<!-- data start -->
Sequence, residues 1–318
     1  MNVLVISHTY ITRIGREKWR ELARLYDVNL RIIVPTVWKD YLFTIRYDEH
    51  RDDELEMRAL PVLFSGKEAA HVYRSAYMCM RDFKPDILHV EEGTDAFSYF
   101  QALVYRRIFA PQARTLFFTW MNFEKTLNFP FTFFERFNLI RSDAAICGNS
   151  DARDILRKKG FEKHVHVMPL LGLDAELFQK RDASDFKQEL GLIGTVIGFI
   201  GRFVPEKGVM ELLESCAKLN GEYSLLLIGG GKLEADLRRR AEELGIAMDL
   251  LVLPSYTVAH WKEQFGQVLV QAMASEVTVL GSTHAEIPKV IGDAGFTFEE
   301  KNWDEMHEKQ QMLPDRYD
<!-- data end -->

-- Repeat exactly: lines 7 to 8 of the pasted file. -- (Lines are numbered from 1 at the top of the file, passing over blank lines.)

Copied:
   251  LVLPSYTVAH WKEQFGQVLV QAMASEVTVL GSTHAEIPKV IGDAGFTFEE
   301  KNWDEMHEKQ QMLPDRYD